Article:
What's clear is that numerous players smoke weed. Some because they like it. Some because it helps them deal with the rigors of football. Some because they believe marijuana helps ease the crushing and kaleidoscopic effects of concussions. All of this is done right under the nose of the league.
The marijuana discussion in the NFL has become more important than ever. The NFL is in the midst of a concussion crisis in which science increasingly says concussive and subconcussive impacts can cause long-term brain trauma. The problem has become so concerning for players that two—linebacker Chris Borland and offensive tackle Anthony Davis—made the unprecedented move of retiring in their 20s in part due to concern about potential brain injuries.
After a few years of thought, I've decided it will be best for me to take a year or so away from the NFL. This will be a time for me to allow my Brain and Body a chance to heal. I know many won't understand my decision, that's ok.
I hope you too have the courage to live your life how you planned it when day dreaming to yourself growing up. Your Life is Your dream and you have the power to control that dream. I'm simply doing what's best for my body as well as my mental health at this time in my life.
Jason Cole of Bleacher Report emphasized that, according to a source, concussions were the primary factor in Davis' decision.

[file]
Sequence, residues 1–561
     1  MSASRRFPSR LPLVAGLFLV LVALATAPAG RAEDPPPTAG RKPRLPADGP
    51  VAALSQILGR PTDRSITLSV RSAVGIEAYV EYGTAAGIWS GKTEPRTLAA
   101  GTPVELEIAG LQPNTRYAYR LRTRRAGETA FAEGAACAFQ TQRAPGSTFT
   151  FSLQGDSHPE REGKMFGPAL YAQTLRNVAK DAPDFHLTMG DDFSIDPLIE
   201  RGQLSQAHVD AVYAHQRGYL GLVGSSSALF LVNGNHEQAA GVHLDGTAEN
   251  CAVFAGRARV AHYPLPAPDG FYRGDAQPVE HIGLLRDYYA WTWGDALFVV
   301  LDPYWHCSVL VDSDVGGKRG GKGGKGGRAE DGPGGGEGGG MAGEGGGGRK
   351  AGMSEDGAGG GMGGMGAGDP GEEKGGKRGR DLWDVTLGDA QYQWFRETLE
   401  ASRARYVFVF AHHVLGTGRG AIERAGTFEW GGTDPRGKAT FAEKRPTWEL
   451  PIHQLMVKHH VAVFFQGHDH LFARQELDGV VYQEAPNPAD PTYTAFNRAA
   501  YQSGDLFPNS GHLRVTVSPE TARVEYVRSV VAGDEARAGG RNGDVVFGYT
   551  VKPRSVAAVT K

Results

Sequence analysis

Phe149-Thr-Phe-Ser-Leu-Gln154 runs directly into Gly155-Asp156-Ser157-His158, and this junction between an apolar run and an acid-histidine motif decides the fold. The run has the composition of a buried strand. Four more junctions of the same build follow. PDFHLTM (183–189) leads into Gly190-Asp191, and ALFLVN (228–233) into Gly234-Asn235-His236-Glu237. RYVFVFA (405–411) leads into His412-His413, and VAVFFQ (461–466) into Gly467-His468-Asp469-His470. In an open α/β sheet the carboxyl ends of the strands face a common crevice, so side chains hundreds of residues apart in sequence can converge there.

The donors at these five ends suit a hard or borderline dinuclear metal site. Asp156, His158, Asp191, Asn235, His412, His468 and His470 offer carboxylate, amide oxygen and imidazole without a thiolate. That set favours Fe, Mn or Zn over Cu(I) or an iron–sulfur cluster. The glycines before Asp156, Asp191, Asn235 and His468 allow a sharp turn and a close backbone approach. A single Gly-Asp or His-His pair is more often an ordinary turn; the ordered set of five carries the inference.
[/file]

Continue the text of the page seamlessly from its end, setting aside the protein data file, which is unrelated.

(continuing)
The combination of this increasing concern with "Brain and Body" and the testimony from players and other interested parties about the healing effects of marijuana have put the drug in the spotlight. But don't expect the NFL to sanction its use, even under legalized circumstances, any time soon.
In the meantime, the league is not doing much to stop the smoking.
Getting Around the Drug Testing
How could so many players smoke marijuana and not get caught by the NFL, which tests for it?
The collective bargain agreement states that players not in the substance-abuse program due to a violation are subject to one test for substances of abuse, including marijuana, from April 20 through Aug. 9. But to save costs, one team union official explained, much of the testing is done during training camp because all of the players are in one place.
Then a player is not tested again until the following year. The only way that would change is if someone is stupid enough to smoke near, or during, that predictable testing window.
"You know when the test is," one player said, who is also a union official. "Once you pass it, you can do as much as you want all year."